attends a typical village wedding
The ‘magul gedara’ - a big social event
wedding is the biggest event in a village family, particularly for
the bride’s family. The relations would eagerly await the
big day having been invited in the traditional style by the bride’s
parents visiting the home and announcing the date and time by offering
betel placed on a ‘bulath heppuwa’ - betel tray and
covered with a white handkerchief. The head of the family would
take a leaf from the tray by lifting the handkerchief thereby indicating
that he has accepted the invitation on behalf of the family.
party too would invite their relations in the same way. Even if
there are misunderstandings among families, a wedding is one occasion
when these are forgotten and an invitation extended to come for
There is much
more preparations in a bride’s house than a bridegroom’s
because the wedding takes place at the bride’s residence.
Apart from tidying up the house, the womenfolk are kept busy preparing
traditional sweetmeats including ‘kevum’ (different
varieties like ‘athirasa’, ‘konda kevum’
and ‘mung kevum’) ‘kokis’ and ‘aasmi’
which are prepared in the house well in advance. The men will be
busy erecting the ‘magul maduwa’ - a separate shed in
the garden and decorating it for use as the reception hall.
There are specialists
in the village who will prepare the ‘poruva’ which will
be kept at a prominent place in the main hall facing a particular
direction as indicated by the astrologer. The ‘poruva’
is gaily decorated with flowers. A mat is laid out and a white cloth
stretched over it. Rice and silver and copper coins are spread over
the white cloth. Four fresh clay pots are kept in the four corners,
each pot carrying an opened ‘pol mala’. An oil lamp
is kept on top to be lit when the ‘poruva’ ceremony
starts. Betel is kept ready to be offered by the bridal couple to
the relatives at the given time.
On the day of
the wedding, the bridegroom’s party will leave at the auspicious
time and will time the journey in such a way as to arrive at the
bride’s residence ahead of the time for the ‘poruva’
ceremony. In the early days, the party would travel in carts but
today it is a motorcade that will bring the bridegroom’s party.
As the motorcade is sighted, a long line of crackers tied to two
trees will be lit and the entire village would get the message that
the party has arrived.
As the bridegroom
enters the house, a younger brother of the bride would pour a few
drops of water on the bridegroom’s shoes and he would drop
a ring to the basin of water. This is a modern adaptation of the
custom of washing the feet before entering the house. (Washing of
the feet by a member of the household is done when a Buddhist monk
comes to a house. This was quite logical because in early days monks
never wore slippers).
As the auspicious
time for the ‘poruva’ ceremony approaches, the bride
would be brought out from her room in her bridal costume. An uncle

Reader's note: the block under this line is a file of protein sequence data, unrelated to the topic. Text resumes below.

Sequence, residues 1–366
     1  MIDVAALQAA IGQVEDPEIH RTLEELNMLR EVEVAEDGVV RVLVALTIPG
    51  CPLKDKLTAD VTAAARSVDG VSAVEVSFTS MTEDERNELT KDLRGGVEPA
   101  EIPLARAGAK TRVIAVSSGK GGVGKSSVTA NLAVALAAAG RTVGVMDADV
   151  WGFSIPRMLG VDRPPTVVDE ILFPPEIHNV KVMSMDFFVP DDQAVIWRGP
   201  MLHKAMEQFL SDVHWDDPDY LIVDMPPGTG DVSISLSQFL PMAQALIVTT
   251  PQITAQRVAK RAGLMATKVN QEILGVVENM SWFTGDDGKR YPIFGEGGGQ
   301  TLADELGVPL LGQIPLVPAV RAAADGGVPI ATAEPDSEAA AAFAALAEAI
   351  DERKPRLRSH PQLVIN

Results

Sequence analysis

of the bride leads her to the ‘poruva’ and as she steps
on the ‘poruva’, the groom too will join her. An elderly
male then sings ‘ashtaka’ - stanzas blessing the couple.
A bride’s uncle would tie the couple’s thumbs with a
thread and pour water from a ‘kendiya’ signifying that
the couple is married. The thread is removed at the end of the recital
The groom then
ties a necklace round the bride’s neck and the bride places
a ring on the groom’s finger. A bevy of girls sing ‘Jayamangala
Gathas’. Betel is then offered by the couple - first to the
bride’s parents and then to the groom’s parents followed
by close relatives. It is customary to offer a ‘kachhiya’
(40 yards) of cloth to the bride’s mother by the groom as
a token of appreciation for bringing up the daughter. Once the formalities
are over, a bride’s uncle helps the couple to step down from
the ‘poruva’ at which moment a coconut is split with
While the ‘poruva’
ceremony is on, the ‘magul mese’ - the long set of tables
stretching from one end of the ‘magul maduva’ to the
other, would be made ready. Dishes full of tasty food will be laid
out. The entire table(s) will be covered with white cloth to be
removed only after the couple come and occupy their seats.
The plates are
placed upside down. At the auspicious time, the couple would arrive
followed by the groom’s relations and after they sit, the
white cloth would be removed and the dishes displayed.
the space available a few close relations of the bride too will
join. Others wait for the second round. Prior to starting the meal,
an elderly person from the bride’s side would get up and speak
formally welcoming the groom’s party and wishing the couple
well. It is customary for someone from the groom’s party to
reply. The couple would continue to sit at the table until all the
guests take their turn at lunch. If they leave, it is considered
a mark of disrespect.
Until the auspicious
time for the couple to leave, the guests keep chatting. A few minutes
before the given time, the couple starts greeting the relations.
It is a sad moment for the bride’s mother to see the daughter
departing after being at home for so long. Yet it is for the good
of the daughter, she consoles herself.
As the couple
leaves along with the groom’s party, crackers will be lit
and the villagers would come on to the road to get a glimpse of